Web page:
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How College Students Can Write a Successful Resume With No Work Experience

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So you have no job experience, and you’re about to write your first resume. First off, congratulations on getting to this point. Second, there’s no need to fear. Even if all you have is experience in academia, there’s still lots you have to offer to a prospective employer if you present yourself the right way.

One thing to remember, though: you’re going to have to rewrite and adjust your resume to the job you’re applying for. So if, say, you’re applying to a job that involves writing, you’re going to include the English classes that you took and the editing work you did for the school newspaper, and so on.

Keep it short

This is a pretty lengthy list, but don’t bother compiling a three-page document about everything you’ve ever done. Ideally, a resume should take up one page. Your reason for writing it is showing to employers the way you can be useful to them, not showing them everything you did over the course of your life. Considering the fact that an employer will spend 30 seconds looking at your resume (and only if they’re interested), do try and make it short and sweet.

Master an objective statement

Your first step is writing an objective statement, otherwise known as the summary. Don’t be vague or long-winded in this section. A few short and to-the-point sentences work best. Write who you are (student), what you qualifications are (blogger) and what you’re looking for (writing work). This is the first thing on your resume, and the first thing a prospective employer will look at, so work hard on refining and perfecting this section. It should be direct and tailored to the specific position you’re applying for.

Write about your education

Next, your education. If you have no work experience to speak of, this is going to be the biggest part of your resume, so don’t be shy on details. Start by writing about your high school, include the clubs or societies you were part of. I knows it seems a little silly to write about being part of the AV club five years ago, but to an employer this means you have technical skills. If you participated in putting together the school newspaper, this means you have writing and editorial skills, and so on.

College matters

Now write about college. Include any classes you took or are taking that are relevant to the job you’re applying for. Again, include the clubs and societies you were part of. If you feel the need to embellish, don’t. It might seem like a great idea now and that it will for sure get you the job, but what happens when you shop to work on your first day and can’t perform? Just be detailed about the stuff that’s true.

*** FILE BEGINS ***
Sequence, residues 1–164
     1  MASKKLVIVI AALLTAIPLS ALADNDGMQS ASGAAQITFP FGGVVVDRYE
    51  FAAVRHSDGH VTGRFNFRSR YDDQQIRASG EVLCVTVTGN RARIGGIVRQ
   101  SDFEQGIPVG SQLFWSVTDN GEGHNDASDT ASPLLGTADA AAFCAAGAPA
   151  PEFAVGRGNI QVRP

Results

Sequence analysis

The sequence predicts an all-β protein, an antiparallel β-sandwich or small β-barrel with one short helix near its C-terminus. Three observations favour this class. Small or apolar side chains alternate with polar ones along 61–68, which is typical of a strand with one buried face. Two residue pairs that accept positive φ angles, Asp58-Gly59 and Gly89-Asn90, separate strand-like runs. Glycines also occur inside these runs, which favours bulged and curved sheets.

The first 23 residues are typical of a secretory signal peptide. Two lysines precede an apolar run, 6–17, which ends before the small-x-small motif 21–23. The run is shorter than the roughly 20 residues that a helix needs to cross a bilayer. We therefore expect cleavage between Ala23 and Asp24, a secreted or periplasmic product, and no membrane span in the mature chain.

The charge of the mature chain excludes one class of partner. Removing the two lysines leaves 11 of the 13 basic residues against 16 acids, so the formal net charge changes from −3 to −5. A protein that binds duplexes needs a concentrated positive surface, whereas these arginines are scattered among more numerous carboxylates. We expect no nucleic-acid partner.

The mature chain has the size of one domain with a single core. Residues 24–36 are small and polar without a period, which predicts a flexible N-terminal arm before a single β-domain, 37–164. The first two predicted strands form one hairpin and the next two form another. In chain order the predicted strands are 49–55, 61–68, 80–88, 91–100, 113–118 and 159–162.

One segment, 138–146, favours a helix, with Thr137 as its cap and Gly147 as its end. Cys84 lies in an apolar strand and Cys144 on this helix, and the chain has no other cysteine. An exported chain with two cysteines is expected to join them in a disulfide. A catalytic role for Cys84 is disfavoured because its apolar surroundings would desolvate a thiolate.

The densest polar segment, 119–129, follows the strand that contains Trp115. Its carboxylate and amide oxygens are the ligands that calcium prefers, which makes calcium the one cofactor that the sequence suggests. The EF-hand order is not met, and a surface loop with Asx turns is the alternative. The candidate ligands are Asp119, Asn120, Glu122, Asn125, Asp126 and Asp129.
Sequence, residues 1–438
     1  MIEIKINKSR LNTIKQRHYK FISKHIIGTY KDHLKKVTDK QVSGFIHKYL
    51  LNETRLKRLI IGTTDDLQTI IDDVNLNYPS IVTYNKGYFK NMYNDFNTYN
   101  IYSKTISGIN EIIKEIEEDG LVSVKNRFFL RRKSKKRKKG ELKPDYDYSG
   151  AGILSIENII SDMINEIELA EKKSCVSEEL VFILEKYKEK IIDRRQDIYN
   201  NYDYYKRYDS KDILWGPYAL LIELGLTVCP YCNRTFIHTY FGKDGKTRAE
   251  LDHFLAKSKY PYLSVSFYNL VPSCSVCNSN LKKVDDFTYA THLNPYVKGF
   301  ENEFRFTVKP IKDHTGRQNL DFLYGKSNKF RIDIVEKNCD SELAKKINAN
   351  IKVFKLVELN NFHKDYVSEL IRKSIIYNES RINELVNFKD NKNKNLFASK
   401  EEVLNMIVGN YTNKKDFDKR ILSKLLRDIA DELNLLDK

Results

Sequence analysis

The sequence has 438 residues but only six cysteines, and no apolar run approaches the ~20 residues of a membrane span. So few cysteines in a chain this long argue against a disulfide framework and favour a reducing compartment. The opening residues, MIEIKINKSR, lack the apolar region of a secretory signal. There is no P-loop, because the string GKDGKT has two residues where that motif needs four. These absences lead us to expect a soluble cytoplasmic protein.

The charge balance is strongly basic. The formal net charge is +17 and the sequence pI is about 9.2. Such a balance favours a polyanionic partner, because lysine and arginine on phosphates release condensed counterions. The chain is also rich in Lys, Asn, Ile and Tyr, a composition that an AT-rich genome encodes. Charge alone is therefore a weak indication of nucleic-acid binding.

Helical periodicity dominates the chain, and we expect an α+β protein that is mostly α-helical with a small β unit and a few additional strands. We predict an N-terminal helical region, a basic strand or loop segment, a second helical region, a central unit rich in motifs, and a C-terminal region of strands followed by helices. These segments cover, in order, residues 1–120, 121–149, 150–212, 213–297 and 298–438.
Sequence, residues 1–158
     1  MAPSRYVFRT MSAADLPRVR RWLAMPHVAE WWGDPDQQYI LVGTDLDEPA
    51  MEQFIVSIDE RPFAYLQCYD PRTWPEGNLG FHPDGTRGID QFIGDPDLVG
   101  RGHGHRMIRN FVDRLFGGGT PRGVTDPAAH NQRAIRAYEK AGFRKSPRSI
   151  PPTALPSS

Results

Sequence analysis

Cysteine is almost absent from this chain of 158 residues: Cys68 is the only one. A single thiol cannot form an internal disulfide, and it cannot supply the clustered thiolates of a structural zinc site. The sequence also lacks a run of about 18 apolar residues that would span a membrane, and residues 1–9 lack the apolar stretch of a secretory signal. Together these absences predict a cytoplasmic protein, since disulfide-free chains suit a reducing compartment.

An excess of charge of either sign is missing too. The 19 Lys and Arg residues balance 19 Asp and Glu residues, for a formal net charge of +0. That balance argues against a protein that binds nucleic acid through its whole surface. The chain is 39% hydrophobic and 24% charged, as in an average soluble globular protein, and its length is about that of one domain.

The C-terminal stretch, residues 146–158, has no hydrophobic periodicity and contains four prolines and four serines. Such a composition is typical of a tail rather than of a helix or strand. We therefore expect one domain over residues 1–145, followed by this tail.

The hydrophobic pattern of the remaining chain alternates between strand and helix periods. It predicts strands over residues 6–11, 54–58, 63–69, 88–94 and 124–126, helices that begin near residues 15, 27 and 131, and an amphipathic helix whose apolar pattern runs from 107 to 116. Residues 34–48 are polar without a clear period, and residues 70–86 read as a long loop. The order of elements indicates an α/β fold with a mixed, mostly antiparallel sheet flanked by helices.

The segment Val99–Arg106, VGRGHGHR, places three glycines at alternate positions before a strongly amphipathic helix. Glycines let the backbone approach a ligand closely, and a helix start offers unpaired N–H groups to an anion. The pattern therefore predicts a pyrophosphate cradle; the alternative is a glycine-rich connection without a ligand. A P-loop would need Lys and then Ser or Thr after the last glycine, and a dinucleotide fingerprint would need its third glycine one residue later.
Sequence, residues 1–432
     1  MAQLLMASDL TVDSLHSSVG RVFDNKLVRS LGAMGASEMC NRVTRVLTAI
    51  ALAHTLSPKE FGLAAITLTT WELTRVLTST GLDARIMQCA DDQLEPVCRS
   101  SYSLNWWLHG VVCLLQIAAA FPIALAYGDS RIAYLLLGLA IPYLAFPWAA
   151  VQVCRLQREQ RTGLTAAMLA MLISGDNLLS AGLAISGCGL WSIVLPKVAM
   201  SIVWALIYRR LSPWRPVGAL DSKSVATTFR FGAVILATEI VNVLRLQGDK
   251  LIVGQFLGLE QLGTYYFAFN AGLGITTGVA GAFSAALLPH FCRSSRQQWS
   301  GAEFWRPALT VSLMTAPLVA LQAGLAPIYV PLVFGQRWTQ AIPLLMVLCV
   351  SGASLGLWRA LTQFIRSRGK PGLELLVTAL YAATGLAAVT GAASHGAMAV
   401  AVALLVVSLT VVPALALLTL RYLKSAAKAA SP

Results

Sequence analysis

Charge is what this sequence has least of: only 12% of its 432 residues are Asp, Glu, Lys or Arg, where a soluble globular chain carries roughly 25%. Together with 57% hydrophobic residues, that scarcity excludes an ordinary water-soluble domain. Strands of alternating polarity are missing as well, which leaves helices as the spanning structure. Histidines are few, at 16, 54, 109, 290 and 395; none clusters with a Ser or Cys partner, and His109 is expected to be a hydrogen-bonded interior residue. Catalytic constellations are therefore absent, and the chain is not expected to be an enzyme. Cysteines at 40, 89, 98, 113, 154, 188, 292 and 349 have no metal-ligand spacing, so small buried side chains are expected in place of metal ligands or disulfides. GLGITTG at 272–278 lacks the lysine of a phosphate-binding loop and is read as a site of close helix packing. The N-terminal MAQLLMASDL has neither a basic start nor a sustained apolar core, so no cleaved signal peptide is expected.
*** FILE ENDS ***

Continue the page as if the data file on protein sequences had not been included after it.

Work, actually

Typically, what would come next is the section about your work experience. Write about an internship you might have had, or if you did some volunteer work. If you had a leadership position at any of those clubs, write them here, and be sure to include the relevant work you did for them.

List your skills

Write a skills section that includes the skills you’ve gained throughout your education. Some might seem as a given in this day and age, like computer skills, but don’t be so general! Instead of writing “computer skills”, say “proficient with Microsoft Word and Power Point”. It looks more impressive already! Leadership skills, language skills, it all goes here. If you don’t have any work experience whatsoever (even volunteer work) and your college isn’t an Ivy, this is the section your employer is going to look at to see if you’re the right fit for them.

Describe your hobbies

Include a ‘hobbies’ section where you highlight what you can bring to the employer based on your interests outside of school. When writing this, be sure to write things you did with your interests, not just things that you like. So, instead of ‘I like movies’, say ‘blogging about cinema’. Instead of saying ‘I like surfing the internet’, say ‘I enjoy engaging with online communities dedicated to…’. Since everyone around you is on Twitter, it might seem like a redundant thing to write, but to an employer, this can be an asset.

Well, there you have it. Hopefully, you picked and chose the right things to put on your resume, and crafted a winner. Good luck on your job search. Just remember, if you don’t have any working experience, that doesn’t mean you can’t be an asset at someone’s company. And the most important thing of all, don’t lie! The point of a resume is landing a job interview. That’s when the pressure is on to impress.